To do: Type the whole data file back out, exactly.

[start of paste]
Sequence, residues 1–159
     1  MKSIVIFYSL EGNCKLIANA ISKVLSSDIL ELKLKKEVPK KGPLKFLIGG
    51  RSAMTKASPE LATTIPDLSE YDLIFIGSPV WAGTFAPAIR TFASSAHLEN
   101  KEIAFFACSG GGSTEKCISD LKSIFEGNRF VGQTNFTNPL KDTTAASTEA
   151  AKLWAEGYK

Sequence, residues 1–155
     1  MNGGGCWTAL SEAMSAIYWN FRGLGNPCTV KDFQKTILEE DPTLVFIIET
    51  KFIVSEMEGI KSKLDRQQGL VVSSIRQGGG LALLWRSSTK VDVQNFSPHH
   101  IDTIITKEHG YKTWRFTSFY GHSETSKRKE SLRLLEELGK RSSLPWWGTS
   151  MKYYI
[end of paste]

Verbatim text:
Sequence, residues 1–159
     1  MKSIVIFYSL EGNCKLIANA ISKVLSSDIL ELKLKKEVPK KGPLKFLIGG
    51  RSAMTKASPE LATTIPDLSE YDLIFIGSPV WAGTFAPAIR TFASSAHLEN
   101  KEIAFFACSG GGSTEKCISD LKSIFEGNRF VGQTNFTNPL KDTTAASTEA
   151  AKLWAEGYK

Sequence, residues 1–155
     1  MNGGGCWTAL SEAMSAIYWN FRGLGNPCTV KDFQKTILEE DPTLVFIIET
    51  KFIVSEMEGI KSKLDRQQGL VVSSIRQGGG LALLWRSSTK VDVQNFSPHH
   101  IDTIITKEHG YKTWRFTSFY GHSETSKRKE SLRLLEELGK RSSLPWWGTS
   151  MKYYI